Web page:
We’ve added onto our family, in the form of a tiny gold and black cat named Mirah. She’s feisty, clumsy, and sweet as can be, audibly purring the minute you enter her room. We named her after the K Record artist Mirah, but the name also means aristocrat, princess, or treetop. She’s less princess, more prissy, and seems to have fell from the tree tops into our front yard.
Anyone who reads this blog knows that I am an obsessive planner. What many of you don’t know is that I’m quite impulsive. And apparently I have magical summoning powers. I’ve been bugging Andrew for the better part of the year about adopting a dog, but it simply doesn’t make sense given our situation. Eventually, I started joking that if I couldn’t have a dog, I wanted another kitten. We’d laugh about it once a week or so, but knew deep down we didn’t really want a third cat. Until one appeared on our doorstep.
I got home late from work one night, went inside, and emerged back outside to go check our mail. When I came back out, a small cat lunged out of the bushes at me, purring madly and twisting herself between my legs. I ignored her and walked out to the mailbox, but she followed. I pet her a bit, then went inside. It’s not uncommon given the climate here for people to let their housecats wander.
Well, she never left. She sat at the door meowing and scratching it for hours. It got quite late, and the temps were dropping to freezing. We shrugged at each other and decided to take her in for the night, sure someone would claim her the next day. She was obviously domestic – litter trained, at dry food, loved to be handled . We put up posters in the neighborhood and waiting for a call, housing her in our spare bathroom for the time.
A week went by and nobody called. I reported her to animal control and online databases. Another week, no calls. I asked animal control if I could surrender her to them, and they told me that they were at capacity and would likely euthanize her. We took her to the humane society, who told us she wasn’t chipped or fixed. Ugh. They told us they wouldn’t test her for diseases unless we agreed to have her fixed. We had some long, almost frustrating talks, then decided we would agree to testing. If she was sick, they would euthanize her on the spot; if she was healthy, we would pay for her to be chipped, fixed, and vaccinated, then take her home to live with us.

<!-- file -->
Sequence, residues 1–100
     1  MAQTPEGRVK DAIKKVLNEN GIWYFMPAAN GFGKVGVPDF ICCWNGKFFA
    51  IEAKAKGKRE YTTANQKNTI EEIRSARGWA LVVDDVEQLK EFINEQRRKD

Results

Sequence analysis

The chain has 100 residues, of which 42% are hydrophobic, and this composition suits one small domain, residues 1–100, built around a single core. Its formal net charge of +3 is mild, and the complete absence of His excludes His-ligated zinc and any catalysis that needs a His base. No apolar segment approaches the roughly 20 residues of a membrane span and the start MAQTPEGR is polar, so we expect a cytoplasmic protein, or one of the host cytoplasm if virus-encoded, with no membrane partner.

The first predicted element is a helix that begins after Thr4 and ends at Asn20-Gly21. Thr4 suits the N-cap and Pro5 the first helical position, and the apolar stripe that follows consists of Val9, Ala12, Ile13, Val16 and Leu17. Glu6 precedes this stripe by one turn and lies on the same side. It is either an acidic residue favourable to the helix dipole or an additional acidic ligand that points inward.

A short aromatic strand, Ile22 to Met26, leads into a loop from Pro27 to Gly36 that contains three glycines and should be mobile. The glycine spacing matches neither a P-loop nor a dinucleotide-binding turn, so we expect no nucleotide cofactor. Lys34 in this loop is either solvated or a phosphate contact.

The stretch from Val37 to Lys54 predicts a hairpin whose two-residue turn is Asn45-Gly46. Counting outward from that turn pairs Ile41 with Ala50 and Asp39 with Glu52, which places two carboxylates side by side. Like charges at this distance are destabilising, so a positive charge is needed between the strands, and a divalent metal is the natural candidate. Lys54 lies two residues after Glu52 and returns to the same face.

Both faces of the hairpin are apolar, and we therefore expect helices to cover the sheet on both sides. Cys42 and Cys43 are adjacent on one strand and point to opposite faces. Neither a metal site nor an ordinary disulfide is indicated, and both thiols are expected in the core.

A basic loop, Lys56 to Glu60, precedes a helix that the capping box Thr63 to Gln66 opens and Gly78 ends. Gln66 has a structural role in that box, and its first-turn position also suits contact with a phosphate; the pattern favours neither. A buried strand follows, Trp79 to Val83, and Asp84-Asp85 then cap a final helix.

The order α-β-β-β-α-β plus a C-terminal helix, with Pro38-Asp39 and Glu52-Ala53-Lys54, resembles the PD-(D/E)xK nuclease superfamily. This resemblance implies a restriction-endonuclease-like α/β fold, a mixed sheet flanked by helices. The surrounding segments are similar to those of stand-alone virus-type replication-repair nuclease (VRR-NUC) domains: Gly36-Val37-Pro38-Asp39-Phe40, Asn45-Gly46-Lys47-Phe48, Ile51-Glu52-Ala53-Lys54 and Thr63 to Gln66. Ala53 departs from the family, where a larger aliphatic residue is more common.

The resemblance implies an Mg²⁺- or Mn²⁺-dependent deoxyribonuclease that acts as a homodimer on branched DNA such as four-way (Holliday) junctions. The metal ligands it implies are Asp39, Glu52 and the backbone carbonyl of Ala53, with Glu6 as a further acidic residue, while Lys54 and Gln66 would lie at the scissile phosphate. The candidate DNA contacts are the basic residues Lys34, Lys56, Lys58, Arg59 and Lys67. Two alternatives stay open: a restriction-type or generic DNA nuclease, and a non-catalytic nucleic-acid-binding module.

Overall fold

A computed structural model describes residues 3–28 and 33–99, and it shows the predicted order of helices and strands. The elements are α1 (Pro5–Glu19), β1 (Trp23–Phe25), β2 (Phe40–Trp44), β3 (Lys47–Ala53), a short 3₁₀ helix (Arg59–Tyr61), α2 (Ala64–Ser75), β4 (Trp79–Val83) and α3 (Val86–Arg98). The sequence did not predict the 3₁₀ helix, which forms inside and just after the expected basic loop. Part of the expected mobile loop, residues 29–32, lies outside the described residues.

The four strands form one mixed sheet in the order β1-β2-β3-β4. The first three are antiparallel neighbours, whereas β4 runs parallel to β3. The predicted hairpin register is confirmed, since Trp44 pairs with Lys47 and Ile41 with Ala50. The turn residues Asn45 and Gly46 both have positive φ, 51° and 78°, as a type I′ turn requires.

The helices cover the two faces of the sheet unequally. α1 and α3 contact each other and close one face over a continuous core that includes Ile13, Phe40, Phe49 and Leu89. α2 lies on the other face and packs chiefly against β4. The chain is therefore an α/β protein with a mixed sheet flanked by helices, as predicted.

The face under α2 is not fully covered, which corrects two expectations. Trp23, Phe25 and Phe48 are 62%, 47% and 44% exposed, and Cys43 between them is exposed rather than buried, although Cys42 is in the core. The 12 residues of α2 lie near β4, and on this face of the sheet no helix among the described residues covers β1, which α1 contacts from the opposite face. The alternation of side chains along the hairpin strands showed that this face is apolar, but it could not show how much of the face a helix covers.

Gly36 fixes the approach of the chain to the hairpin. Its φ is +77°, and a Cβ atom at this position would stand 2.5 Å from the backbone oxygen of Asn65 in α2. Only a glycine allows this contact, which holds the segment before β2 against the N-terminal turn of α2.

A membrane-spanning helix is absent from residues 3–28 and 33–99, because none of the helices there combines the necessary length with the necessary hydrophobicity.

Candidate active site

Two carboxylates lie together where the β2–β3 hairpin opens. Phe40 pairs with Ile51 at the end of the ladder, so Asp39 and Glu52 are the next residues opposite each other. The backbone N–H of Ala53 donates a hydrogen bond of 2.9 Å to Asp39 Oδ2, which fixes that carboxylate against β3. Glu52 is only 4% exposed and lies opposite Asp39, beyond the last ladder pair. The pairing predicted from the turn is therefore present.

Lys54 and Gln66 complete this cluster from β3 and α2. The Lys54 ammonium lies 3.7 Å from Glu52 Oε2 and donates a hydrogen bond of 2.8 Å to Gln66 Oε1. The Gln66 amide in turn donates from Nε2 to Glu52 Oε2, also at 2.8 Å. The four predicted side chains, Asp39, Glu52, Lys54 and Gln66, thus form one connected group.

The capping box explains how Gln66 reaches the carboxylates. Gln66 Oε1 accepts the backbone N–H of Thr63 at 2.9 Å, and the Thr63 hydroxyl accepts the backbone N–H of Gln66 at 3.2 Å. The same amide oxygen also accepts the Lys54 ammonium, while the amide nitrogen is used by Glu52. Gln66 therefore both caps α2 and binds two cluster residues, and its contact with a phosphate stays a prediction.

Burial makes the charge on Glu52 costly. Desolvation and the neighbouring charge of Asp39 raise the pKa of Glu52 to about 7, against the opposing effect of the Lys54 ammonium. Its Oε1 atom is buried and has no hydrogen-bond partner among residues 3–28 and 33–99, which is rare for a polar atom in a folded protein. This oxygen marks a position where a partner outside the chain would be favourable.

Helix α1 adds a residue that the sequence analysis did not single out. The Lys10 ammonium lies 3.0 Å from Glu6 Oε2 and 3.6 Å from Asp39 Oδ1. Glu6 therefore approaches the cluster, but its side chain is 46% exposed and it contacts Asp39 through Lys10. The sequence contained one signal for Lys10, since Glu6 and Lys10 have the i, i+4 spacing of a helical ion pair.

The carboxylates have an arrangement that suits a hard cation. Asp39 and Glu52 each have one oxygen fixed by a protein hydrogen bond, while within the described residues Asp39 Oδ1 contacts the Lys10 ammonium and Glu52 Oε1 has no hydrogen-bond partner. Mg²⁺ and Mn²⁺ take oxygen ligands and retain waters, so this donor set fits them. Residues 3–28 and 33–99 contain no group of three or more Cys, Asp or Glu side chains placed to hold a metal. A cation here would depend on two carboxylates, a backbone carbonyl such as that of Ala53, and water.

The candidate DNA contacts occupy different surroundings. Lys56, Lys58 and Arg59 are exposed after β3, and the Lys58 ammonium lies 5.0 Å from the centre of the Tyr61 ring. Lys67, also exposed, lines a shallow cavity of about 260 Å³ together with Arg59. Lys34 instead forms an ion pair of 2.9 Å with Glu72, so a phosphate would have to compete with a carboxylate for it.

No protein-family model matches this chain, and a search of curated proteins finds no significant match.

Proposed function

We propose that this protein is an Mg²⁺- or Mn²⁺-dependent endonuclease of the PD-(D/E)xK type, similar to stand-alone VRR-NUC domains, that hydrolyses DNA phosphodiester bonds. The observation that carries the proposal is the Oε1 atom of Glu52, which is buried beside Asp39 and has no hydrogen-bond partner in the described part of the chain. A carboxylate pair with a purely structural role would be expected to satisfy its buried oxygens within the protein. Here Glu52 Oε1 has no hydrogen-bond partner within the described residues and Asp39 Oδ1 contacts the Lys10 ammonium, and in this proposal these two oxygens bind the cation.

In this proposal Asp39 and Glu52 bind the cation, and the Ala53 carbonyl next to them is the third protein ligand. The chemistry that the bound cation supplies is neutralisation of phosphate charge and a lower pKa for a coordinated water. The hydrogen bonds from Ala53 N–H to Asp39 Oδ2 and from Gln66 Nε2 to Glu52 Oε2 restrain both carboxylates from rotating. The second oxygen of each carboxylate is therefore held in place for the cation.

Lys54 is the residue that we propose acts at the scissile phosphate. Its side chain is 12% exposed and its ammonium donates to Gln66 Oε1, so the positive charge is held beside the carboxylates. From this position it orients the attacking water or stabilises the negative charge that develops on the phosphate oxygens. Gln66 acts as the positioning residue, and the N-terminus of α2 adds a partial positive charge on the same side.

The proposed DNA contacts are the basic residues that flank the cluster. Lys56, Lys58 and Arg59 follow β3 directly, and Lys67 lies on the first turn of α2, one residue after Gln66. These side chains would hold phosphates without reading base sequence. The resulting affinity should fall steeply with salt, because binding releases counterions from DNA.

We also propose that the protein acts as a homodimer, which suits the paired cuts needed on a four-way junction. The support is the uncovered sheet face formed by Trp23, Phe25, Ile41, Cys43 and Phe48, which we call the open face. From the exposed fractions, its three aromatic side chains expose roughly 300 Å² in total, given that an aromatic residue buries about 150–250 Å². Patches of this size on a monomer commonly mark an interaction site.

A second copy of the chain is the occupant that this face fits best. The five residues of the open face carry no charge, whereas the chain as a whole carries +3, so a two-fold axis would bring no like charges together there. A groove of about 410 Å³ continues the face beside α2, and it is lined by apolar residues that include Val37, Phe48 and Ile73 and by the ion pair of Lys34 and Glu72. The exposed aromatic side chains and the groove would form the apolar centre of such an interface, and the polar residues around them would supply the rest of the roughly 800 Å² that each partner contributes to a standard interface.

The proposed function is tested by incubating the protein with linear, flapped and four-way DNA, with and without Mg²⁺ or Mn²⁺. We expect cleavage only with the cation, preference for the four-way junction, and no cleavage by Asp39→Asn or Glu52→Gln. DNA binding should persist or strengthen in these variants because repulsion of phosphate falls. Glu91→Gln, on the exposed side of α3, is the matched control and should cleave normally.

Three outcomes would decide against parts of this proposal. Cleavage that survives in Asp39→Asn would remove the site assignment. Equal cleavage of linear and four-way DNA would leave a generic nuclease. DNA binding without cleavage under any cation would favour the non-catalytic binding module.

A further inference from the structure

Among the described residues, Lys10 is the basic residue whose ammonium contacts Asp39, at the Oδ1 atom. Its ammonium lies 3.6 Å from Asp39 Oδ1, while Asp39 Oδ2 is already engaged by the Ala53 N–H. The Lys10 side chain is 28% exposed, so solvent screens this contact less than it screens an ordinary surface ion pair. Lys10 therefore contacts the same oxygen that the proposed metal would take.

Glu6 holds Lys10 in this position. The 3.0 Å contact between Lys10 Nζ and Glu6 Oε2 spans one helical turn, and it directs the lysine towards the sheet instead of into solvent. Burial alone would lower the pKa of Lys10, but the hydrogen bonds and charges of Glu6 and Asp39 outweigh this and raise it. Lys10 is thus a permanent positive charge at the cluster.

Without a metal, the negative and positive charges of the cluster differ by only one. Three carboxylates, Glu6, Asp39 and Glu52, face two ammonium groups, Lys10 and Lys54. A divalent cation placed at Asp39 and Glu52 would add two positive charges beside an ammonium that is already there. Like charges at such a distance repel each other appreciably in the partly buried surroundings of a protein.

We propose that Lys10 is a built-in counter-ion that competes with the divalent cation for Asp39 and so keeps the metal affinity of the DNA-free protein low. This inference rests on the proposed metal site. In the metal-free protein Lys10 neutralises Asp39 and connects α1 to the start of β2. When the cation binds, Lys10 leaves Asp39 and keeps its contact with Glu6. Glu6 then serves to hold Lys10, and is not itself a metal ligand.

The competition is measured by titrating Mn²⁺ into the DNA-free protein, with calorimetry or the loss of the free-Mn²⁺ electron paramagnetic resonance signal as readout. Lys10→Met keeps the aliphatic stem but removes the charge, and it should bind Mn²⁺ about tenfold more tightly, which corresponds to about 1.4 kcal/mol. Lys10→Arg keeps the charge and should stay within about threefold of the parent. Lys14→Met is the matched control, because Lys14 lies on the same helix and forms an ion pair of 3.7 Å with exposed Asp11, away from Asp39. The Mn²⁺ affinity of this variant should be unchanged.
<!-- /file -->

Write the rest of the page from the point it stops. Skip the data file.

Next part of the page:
The whole thing made no sense. That night I came home, one minute there was no cat and the next there was cat. She literally seemed to have fallen out of the sky. I’d never seen her before. She’s tiny, with huge paws an adult cat face, so we figured she was a kitten with some growing pains left in her. Nope. The humane society told us shes 1-2 years old, a veritable adult in cat years and a total runt. But she wasn’t fixed? Most house cats are fixed before 4 months. So who the hell kept a cat for a year, never had her fixed or vetted, then dumped her in our neighborhood one night? The vets said given her domesticity, it was unlikely she wandered into our neighborhood – they see these kinds of animal drops all the time.
In the three weeks she lived with us in limbo, I came to realize I really didn’t want another cat. I have two adult cats that are bonded, and I love them to death. I simply didn’t feel like I had room for another house pet in my life. But Andrew couldn’t bear the though of her dying; I mean, she is so freaking sweet. And it’s Christmas time … I couldn’t say no, but I secretly hoped she was sick so we could humanely put her down and not feel bad.
Of course, she wasn’t sick, and she joined our family today. I worked a long ass day (training for search and rescue!), and when I came home my stomach leapt remembering there was formally another pet in our home. I reluctantly went upstairs to visit her (we won’t introduce her to the others until after the new year, when we finish all our travelling). And you know what, in five minutes my mood went from disgruntled to full of joy. She looks a little sad with her belly shaved from surgery, but when I sat down she curled up right in my lap, and I knew we did the right thing. Who cares what other people think, or if it will cost $5 extra dollars a month to feed this cat. So often I let myself get hung up on stupid “rules” I set like those. These rules interfere with me actually living my life – loving, spreading joy, being generous. Tonight, I practice accepting my lot, even though I didn’t get to plan it out all perfect.
I’m happy to report we officially have more cats in our house than people.